How Statistics Have Ruined the Battlefield Series

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I’ve been a Battlefield player for over 12 years and even spent three of those as a team captain, designing strategies and managing rosters for local tournaments. I have seen the series develop, succeed and eventually grow into what we have now and therefore I dare say stats have ruined much of the Battlefield fun.

Now, don’t get me wrong. I’m not talking about in-round kill and death ratios, capture tickets or specific class scores. Those are actually fine and help you rank how well you did on each map, in addition to allowing comparisons of your performance to your friends’ in sake of the competitive spirit. I believe the problem is based in the permanent statistics picture on Battlelog’s site.

During the long BF1942 era, gaming communities were a lot smaller and there were many of them instead of a huge unified one in which most people are strangers. We didn’t have Origin, nor did we use official forums, and thus most teams had server admins and everything depended a lot on how crafty players were.

Good old Battlefield 1942.

We often got to know other players personally and that’s how I saw some of them were tracking stats as far as possible. Even one of the guys in my own team was keeping records: he would save screenshots of the final screen in each match and then make spreadsheets with the little information the game gave him about his kill/death ratio and other small issues. To be honest, it seemed like a very cool effort since I have always loved sports stats. As logs became more complex and detailed, we even began fantasy competitions based on real-player performances.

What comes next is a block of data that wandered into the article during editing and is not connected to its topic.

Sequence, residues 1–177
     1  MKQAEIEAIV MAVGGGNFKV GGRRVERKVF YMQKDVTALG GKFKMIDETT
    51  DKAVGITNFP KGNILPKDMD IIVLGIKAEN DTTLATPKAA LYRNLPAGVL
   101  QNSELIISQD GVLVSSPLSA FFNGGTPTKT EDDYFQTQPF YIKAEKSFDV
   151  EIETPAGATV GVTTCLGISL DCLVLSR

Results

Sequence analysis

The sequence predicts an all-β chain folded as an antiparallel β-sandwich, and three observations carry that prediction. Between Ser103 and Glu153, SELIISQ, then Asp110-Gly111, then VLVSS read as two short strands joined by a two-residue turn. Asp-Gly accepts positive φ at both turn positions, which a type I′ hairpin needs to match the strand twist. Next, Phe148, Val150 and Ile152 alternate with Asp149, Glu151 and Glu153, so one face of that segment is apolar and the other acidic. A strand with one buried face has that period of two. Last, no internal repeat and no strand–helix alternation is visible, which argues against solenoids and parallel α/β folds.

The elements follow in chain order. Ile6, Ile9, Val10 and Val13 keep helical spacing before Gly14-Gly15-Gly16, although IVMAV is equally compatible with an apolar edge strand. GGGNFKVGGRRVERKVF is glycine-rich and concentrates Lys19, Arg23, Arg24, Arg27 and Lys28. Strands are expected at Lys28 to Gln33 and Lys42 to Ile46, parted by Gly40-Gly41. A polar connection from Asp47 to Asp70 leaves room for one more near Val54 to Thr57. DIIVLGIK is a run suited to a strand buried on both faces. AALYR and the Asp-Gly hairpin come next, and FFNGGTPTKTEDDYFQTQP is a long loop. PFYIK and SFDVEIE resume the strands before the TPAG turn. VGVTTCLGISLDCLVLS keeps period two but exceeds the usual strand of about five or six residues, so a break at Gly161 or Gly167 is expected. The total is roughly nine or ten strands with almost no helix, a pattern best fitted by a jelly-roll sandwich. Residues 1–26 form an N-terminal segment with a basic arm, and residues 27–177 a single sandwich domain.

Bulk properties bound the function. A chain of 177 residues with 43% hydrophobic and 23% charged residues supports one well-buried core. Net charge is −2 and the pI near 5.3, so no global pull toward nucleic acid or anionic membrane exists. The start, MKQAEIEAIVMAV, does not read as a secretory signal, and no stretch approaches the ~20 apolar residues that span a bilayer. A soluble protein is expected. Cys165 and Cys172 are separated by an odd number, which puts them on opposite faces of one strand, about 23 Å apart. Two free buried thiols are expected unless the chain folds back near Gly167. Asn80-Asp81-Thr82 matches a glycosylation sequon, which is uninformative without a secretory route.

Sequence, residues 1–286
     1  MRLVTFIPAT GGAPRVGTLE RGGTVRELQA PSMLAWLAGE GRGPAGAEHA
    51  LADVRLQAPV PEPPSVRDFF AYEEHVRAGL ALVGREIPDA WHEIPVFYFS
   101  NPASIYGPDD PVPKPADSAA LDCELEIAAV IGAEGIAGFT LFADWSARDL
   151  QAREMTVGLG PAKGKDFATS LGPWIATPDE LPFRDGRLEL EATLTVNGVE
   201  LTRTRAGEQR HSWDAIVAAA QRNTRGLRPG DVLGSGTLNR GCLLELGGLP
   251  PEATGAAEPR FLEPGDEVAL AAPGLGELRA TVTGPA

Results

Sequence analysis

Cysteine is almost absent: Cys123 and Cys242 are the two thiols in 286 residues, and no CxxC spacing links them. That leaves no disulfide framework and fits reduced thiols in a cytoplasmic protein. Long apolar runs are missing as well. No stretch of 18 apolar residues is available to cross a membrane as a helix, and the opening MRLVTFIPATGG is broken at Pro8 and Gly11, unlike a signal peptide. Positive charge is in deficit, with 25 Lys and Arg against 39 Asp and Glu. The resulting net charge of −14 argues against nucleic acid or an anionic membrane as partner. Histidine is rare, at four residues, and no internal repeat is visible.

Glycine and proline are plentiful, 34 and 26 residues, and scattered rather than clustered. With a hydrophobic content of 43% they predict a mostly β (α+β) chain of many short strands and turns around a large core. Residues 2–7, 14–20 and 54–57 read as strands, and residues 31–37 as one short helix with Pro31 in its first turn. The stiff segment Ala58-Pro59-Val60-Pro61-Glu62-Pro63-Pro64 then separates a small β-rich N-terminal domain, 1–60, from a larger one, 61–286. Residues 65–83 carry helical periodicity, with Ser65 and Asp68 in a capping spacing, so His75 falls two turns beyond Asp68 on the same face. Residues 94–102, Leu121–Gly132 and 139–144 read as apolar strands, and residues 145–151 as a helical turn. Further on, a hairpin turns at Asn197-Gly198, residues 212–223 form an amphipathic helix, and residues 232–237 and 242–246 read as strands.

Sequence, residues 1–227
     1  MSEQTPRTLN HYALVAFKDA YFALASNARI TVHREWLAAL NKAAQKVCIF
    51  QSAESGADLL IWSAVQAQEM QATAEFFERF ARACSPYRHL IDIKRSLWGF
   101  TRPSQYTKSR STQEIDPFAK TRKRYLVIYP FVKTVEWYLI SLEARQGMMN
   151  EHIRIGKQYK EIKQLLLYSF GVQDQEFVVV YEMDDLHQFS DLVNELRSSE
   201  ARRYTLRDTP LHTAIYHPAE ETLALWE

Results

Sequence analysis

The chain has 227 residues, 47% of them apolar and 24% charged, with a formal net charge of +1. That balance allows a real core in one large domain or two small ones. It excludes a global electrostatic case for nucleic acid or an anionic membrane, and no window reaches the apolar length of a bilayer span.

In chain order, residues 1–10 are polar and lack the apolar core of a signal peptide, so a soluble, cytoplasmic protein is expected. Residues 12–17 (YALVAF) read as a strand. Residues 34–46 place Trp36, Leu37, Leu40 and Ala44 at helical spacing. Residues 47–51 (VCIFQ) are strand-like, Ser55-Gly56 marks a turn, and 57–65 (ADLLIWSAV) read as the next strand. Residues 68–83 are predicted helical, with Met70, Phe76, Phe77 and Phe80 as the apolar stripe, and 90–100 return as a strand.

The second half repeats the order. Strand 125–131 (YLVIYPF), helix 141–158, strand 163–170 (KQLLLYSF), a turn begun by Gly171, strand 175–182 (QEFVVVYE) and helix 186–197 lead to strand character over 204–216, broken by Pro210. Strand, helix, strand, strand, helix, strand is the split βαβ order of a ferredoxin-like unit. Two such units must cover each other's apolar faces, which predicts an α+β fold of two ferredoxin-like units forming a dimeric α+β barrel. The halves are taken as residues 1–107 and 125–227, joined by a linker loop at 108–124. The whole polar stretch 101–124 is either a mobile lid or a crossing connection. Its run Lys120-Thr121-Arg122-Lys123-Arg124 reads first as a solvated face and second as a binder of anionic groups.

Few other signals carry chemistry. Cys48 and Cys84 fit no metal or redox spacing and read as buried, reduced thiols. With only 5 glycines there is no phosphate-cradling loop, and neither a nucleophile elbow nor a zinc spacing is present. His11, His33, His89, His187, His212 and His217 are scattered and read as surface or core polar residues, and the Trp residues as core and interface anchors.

Most people who have played Battlefield games will agree that its most emblematic game mode is conquest, which pretty much requires a certain amount of teamwork to be won. As statistics became increasingly important. some players changed the way they played. Instead of being selfless team players they would be a lot more careful and tried to die as little as possible. This happened even in championship matches, in which they were supposed to be defending their team’s best interests.


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